Abstract: Human behaviour is thought to spread through face-to-face social networks, but it is difficult to identify social influence effects in observational
Abstract: Human behaviour is thought to spread through face-to-face social networks, but it is difficult to identify social influence effects in observational studies, and it is unknown whether online social networks operate in the same way. Here we report results from a randomized controlled trial of political mobilization messages delivered to 61 million Facebook users during the 2010 US congressional elections. The results show that the messages directly influenced political self-expression, information seeking and real-world voting behaviour of millions of people. Furthermore, the messages not only influenced the users who received them but also the users’ friends, and friends of friends. The effect of social transmission on real-world voting was greater than the direct effect of the messages themselves, and nearly all the transmission occurred between ‘close friends’ who were more likely to have a face-to-face relationship. These results suggest that strong ties are instrumental for spreading both online and real–world behaviour in human social networks.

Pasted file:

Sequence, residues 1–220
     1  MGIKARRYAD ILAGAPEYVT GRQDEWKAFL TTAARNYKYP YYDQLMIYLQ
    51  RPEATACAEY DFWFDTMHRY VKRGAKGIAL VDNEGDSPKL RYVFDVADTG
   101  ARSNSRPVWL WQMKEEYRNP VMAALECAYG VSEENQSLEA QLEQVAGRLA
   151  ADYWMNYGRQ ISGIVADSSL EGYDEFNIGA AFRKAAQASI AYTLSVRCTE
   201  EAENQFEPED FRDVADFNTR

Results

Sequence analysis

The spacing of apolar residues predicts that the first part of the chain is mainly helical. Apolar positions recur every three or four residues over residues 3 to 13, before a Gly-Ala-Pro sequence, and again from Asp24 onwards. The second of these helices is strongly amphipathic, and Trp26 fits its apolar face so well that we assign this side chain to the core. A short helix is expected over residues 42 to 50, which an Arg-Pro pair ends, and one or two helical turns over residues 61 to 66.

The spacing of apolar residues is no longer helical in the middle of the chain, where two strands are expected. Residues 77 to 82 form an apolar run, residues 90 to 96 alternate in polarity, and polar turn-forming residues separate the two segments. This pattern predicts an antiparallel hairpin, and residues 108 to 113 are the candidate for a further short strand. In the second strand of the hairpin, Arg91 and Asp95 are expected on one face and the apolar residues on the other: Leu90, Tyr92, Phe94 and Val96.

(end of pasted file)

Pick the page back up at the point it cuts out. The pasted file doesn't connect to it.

James Fowler is Professor of Medical Genetics and Political Science at the University of California, San Diego. His work lies at the intersection of the natural and social sciences, with a focus on social networks, behavioral science, evolution, politics, genetics, and big data.
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